Will Detoxing Make You Live Longer?

Master cleanses, juice fasts, and raw food diets are detox techniques that have gained popularity over the years, and sometimes they can be effective for a short while. According to Cleveland Clinic, some purported benefits of detoxing are weight loss, improved bowel movements, headache relief, and an increase in energy. By eliminating certain foods during the process, a detox also can help you identify any food sensitivities. The real gain, however, is the boost in vitamins and minerals your body receives. 

On the downside, detox diets are often low in protein and calories, which can cause fatigue and negatively impact your metabolic rate. Moreover, they can put stress on your gastrointestinal system, meaning lots of trips to the bathroom.

The beautiful thing about the human body is that it detoxifies itself. MindBodyGreen says our liver, colon, kidneys, skin, lungs, and lymphatic system are all responsible for removing impurities. It's their job to break down toxins from the air, water, and food we consume, then push them out of the body by way of urine, bowel movements, or sweat. The cleaner you eat, the better your organs will perform — and the better your organs perform, the more likely you are to live a long and healthy life.

How to detox naturally for better digestion

Maintaining a lifestyle that supports your body's natural detoxification process is better for you than going on an extreme detox diet. Function-medicine-trained clinician Deanna Minich told MindBodyGreen that detoxification is vital to whole-body well-being: "If we clear the cellular debris, then the cells can theoretically work better and be more efficient. If the cells are healthy, the tissue will be optimized, which then ultimately supports the entire organism."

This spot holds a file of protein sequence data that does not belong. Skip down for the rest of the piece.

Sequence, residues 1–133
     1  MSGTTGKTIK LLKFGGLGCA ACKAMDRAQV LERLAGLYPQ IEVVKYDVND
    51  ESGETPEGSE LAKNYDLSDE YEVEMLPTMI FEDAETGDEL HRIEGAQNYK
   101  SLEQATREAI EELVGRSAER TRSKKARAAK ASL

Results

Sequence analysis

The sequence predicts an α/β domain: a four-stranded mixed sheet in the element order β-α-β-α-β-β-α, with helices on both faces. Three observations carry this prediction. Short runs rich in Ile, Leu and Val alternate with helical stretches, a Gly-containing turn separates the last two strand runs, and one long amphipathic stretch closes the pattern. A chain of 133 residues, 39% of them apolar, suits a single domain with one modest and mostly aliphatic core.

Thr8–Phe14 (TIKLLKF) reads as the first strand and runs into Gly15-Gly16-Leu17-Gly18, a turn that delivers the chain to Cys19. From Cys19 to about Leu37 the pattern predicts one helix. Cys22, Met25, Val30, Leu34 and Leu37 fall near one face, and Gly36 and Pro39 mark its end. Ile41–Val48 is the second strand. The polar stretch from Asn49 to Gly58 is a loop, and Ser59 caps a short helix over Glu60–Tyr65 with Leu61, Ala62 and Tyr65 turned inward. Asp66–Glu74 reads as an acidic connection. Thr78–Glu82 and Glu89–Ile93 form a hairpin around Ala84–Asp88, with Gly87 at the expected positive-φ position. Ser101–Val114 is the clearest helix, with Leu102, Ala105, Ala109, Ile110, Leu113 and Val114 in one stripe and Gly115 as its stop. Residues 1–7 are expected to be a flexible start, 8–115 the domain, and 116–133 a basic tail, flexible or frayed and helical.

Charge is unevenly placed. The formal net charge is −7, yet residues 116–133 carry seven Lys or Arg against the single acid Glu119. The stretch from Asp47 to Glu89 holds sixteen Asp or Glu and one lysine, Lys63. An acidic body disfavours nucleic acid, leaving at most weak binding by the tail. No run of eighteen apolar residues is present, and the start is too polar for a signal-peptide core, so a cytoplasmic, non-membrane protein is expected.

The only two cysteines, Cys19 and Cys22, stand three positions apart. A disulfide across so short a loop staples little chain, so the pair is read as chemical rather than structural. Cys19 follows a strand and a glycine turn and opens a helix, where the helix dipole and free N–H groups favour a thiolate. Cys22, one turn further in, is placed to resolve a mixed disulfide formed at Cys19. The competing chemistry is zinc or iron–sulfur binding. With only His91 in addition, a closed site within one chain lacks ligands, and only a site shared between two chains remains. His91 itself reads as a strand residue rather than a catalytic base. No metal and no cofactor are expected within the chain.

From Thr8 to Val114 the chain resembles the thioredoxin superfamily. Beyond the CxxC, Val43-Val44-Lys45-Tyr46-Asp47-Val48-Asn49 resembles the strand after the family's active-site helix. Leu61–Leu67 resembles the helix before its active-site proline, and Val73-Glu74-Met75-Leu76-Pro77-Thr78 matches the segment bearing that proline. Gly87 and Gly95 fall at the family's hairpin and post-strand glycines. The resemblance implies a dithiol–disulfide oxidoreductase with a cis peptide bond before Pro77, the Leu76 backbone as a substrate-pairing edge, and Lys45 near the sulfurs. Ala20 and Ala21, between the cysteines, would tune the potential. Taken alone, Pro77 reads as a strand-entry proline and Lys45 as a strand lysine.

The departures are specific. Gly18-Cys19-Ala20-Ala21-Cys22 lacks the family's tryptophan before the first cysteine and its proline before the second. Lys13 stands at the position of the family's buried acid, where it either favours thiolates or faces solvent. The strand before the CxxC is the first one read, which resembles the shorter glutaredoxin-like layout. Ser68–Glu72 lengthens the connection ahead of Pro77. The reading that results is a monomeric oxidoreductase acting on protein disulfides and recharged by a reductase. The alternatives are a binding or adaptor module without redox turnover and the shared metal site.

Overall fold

Simply eating right helps you detox. Cruciferous vegetables like Brussels sprouts, broccoli, and mustard greens boost detoxification enzymes, according to a 2010 study in the Journal of Food Science. And drinking beetroot juice can help minimize oxidative stress and inflammation in the liver, per a 2015 review in Nutrients. According to a 2014 review in the Journal of Clinical Gastroenterology, coffee, too, is very beneficial for the liver because it increases an antioxidant called glutathione, which helps the body get rid of toxins and regenerate vitamins C and E (per MindBodyGreen).

For a cleaned-out colon, eat high-fiber foods and drink plenty of water (via WebMD). As long as you are gluten tolerant, incorporating whole grains, bran cereal, and oatmeal into your diet is ideal. Increasing your intake of magnesium helps too. Avocados, bananas, dark chocolate, and nonfat or low-fat yogurt are good sources of magnesium (per Everyday Health). Staying hydrated is the best way to help your kidneys do their job, too. The National Kidney Foundation says that for most people, 8 cups of water per day is the goal.

How to detox your skin, lungs, and lymphatic system

Detoxing your skin is all about sweating, Healthline says. A 2016 study in Environmental Science and Pollution Research International showed that vigorous exercise can help your skin sweat out heavy metals in the body. And according to Byrdie, spending an hour in an infrared sauna also is effective for detoxifying the body.

Exercise also helps detox the lungs. Medical News Today says that working out helps your lungs use more oxygen and produce less carbon dioxide. Other ways to cleanse your lungs are practicing steam therapy and consuming anti-inflammatory foods and drinks such as green tea, leafy greens, cherries, blueberries, turmeric, olives, walnuts, beans, and lentils.

According to Chopra, several things you can do to decongest your lymphatic system are staying well hydrated, maintaining good gut health, and eating red foods like pomegranates, cherries, cranberries, and beats. Cleveland Clinic also recommends dry brushing to stimulate lymphatic drainage.